Monday, May 31, 2004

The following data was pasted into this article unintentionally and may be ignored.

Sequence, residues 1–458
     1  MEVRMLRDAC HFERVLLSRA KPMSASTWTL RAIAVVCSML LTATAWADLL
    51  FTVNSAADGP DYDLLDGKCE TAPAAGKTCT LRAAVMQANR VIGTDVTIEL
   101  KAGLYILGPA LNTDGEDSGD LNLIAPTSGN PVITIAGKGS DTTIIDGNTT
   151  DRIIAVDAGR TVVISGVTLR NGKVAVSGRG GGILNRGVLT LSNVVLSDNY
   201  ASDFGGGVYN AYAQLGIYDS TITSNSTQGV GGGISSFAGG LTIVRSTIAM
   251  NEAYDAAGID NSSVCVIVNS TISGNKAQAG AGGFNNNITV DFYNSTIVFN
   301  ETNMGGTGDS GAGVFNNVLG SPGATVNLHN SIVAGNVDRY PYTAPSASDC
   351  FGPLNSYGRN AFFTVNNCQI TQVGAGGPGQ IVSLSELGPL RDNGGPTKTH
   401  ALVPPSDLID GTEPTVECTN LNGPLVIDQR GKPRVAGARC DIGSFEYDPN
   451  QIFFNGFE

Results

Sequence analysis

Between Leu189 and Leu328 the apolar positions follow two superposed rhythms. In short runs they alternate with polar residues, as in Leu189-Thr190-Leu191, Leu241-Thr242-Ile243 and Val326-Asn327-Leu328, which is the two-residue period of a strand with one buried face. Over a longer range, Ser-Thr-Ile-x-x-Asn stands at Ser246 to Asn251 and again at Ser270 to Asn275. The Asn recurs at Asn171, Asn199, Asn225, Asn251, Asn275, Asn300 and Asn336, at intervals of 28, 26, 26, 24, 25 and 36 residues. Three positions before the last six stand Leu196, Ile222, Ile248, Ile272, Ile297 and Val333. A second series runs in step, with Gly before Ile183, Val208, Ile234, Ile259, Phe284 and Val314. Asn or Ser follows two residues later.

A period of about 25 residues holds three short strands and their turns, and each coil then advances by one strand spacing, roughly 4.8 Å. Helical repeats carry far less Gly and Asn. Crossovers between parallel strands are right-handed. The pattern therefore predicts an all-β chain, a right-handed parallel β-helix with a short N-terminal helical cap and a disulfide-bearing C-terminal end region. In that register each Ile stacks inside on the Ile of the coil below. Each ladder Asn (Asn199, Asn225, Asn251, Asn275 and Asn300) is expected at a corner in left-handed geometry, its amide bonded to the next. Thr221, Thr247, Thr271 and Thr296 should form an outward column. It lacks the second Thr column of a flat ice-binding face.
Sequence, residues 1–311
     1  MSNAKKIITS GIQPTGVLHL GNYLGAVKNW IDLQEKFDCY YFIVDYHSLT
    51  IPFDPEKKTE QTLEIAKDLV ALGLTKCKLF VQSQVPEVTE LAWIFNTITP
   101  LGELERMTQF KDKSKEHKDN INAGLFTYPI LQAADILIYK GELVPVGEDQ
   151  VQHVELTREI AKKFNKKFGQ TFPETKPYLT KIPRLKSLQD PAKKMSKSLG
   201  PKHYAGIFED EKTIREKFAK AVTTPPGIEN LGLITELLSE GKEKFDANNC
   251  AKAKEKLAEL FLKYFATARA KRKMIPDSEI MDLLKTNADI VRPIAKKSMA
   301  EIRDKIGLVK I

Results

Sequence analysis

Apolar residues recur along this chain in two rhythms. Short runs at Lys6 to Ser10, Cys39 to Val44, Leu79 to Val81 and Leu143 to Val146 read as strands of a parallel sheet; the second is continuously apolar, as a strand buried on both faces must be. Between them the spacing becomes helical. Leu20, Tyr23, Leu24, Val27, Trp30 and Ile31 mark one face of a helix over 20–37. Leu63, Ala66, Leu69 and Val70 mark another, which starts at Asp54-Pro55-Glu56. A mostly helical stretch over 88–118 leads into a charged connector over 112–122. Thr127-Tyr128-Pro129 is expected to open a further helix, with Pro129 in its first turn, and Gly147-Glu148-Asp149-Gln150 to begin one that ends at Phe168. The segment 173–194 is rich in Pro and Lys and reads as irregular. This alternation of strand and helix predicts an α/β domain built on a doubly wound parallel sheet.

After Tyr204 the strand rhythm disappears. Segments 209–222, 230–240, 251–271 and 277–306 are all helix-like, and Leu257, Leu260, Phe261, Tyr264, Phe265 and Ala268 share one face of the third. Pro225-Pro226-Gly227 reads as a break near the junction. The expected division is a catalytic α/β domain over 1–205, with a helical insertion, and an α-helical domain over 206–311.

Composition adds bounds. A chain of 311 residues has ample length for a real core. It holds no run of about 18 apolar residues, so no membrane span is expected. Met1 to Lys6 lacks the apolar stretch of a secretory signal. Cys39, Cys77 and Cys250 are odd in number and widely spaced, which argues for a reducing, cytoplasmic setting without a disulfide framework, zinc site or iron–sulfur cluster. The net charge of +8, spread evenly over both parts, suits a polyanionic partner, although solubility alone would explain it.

On this Memorial Day The day in which we remember the heroism and sacrifice of those individuals of commonality called upon to do great and noble things, i.e. the American Soldier, it is good to remember their heroism. But it is also right to remember that not always has their sacrifice been done under the auspices of heroic leadership. Oh, it often has...for example we approach the sixtieth anniversary of a Kansas farmboy looking across the channel at sketchy weather reports when the destiny of the war was in his hands and made the call by saying "OK, we'll go". But even the great leadership of an Eisenhower, still, as he would be the first to admit, ultimately comes down to the heroic efforts of the everyday soldier. But let us also remember that like all soldiers throughout history American Troops have also been led by men who were outclassed, or out of their depth as commanders. For every Washington there is a Gates, for every Sherman a Burnside, the United States had its share of amateur and political generals that caused needless and wasteful deaths. The rise of the merit system in government, had a side bonus of also improving greatly the class of military leaders, as was amply demonstrated in the Second World War, though this has its shortcomings too, it is a far sight better than having a Dan Sickles commanding troops. Now it is the political leadership that determines, as always, whether to spill the blood of our soldiers. The general competency of the military leadership is a given, the causes upon which they are sent, however, remain in doubt. While the United States won in Mexico and in Cuba, the political wisdom remains in question. When political incompetency asks for the impossible, military competency will matter only in minimizing the losses. Such was the case in Vietnam and now such in the case in Iraq. So on this Memorial Day, I pay tribute to those soldiers, stationed around the world and who, though afflicted by the faults and short-comings of us all, nonetheless by and large do their duty. But to those leaders in our history that have asked for the last full measure of their devotion, in the name of faulty and ill-fated quests, I acclaim them not.
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